An aneurysm is an area of abnormal dilation or enlargement of an artery,
due to a weakening of its wall. The cause of this weakening is an abnormality
of the structural proteins that make up the vessel wall. This abnormality
can be due to a faulty gene, causing a defect in a structural protein
(see below). Environmental factors can also affect the structural proteins
of the vessel wall and cause aneurysm. The most well known of these is
cigarette smoking, which has long been understood to have a strong causative
association with abdominal aortic aneurysm. Atherosclerosis, or hardening
of the arteries, also has some degree of association with aneurysmal disease.
Given that structural proteins in all the arteries are involved, aneurysms
often occur in more than one location within a given individual. For example,
10% of individuals with a popliteal artery (behind the knee) or an iliac
artery (in the pelvis) aneurysm also have an abdominal aortic aneurysm.
Aneurysms can occur in any artery at any location: arteries in the brain,
thoracic aorta, abdominal aorta, hepatic (liver) artery, splenic (spleen)
artery, renal (kidney) artery, mesenteric (intestinal) arteries, iliac
arteries, femoral (thigh) artery, popliteal artery. Many of these arteries
are situated deep in the body, such that an aneurysm can form in the artery
and grow to a large size, yet still remain undetected. Indeed, most aneursyms
are found by accident, when a patient undergoes an x-ray, ultrasound,
CT, or MRI scan for an unrelated problem.
Why Are Aneurysms Dangerous?
Aneurysms can be dangerous in two different ways:
- The aneurysm can rupture, causing severe or life-threatening bleeding.
- The aneurysm can develop clots in its wall, which can subsequently break
off and travel to different organs.
Aneurysms can grow quite large before they rupture. When an aneurysm ruptures,
the result is catastrophic and severe life-threatening bleeding ensues.
In general, when an aneurysm reaches twice the size (2X diameter) of the
associated native artery, the risk of rupture becomes substantial. Until
the aneurysm reaches 2X diameter, it is safe to just watch it closely
(“watchful waiting”) with serial ultrasound or CT imaging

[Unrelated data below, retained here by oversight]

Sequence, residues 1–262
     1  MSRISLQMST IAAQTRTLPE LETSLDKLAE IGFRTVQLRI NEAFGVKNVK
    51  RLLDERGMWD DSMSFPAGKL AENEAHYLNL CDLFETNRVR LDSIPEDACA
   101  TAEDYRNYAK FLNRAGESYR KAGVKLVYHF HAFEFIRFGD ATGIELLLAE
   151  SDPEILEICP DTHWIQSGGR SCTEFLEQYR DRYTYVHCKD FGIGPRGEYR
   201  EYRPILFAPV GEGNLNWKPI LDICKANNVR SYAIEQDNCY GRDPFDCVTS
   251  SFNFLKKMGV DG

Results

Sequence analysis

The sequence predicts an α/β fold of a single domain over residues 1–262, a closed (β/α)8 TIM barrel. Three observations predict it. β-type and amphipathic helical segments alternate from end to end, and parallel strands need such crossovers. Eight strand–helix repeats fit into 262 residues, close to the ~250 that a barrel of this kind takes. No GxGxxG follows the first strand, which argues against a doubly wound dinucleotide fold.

studies. Once the 2X diameter is reached, however, repair of the aneurysm
should be strongly considered. Of course, the decision to perform surgical
or endovascular repair depends on the risk of a given surgical procedure,
weighed against the risk of aneurysm rupture by continued watchful waiting.
In contrast to the size factor involved in aneurysm rupture, aneurysms
can form clots at any size. The clots form in an aneurysm because of the
blood flow patterns in an aneurysm sac, such that there are regions where
flow eddies exist and other regions where blood flow is slow or almost
stand-still. The blood forms clots in these regions. These clots can then
break off and travel to branch blood vessels distal to the aneurysm and
block blood flow in these vessels, causing the organ tissue supplied by
these vessels to become damaged and die. This condition can be life- or
The Genetics of Aneurysms
Some rare genetic diseases are associated with aneurysms. Ehlers-Danlos
syndrome is a disease associated with abnormalities of the connective
tissue. It is caused by a defect in the gene for collagen, a central protein
in connective tissue, including the wall of blood vessels. Patients with
this disorder have loose skin, frequent bruising, hyper-flexible joints,
mitral valve prolapse or other cardiac valve abnormalities, and aortic
aneurysm (typically of the thoracic aorta). Marfan syndrome is another
genetic abnormality associated with aortic aneurysm. It is caused by a
defect in the gene for fibrillin, another connective tissue structural
protein. Marfan syndrome patients are typically of tall and slender build,
have disproportionately long arms, legs, fingers, and toes, a breastbone
that protrudes outward or inward, a high arched palate, abnormalities
of the ocular lens, a curved spine, lung abnormalities such as propensity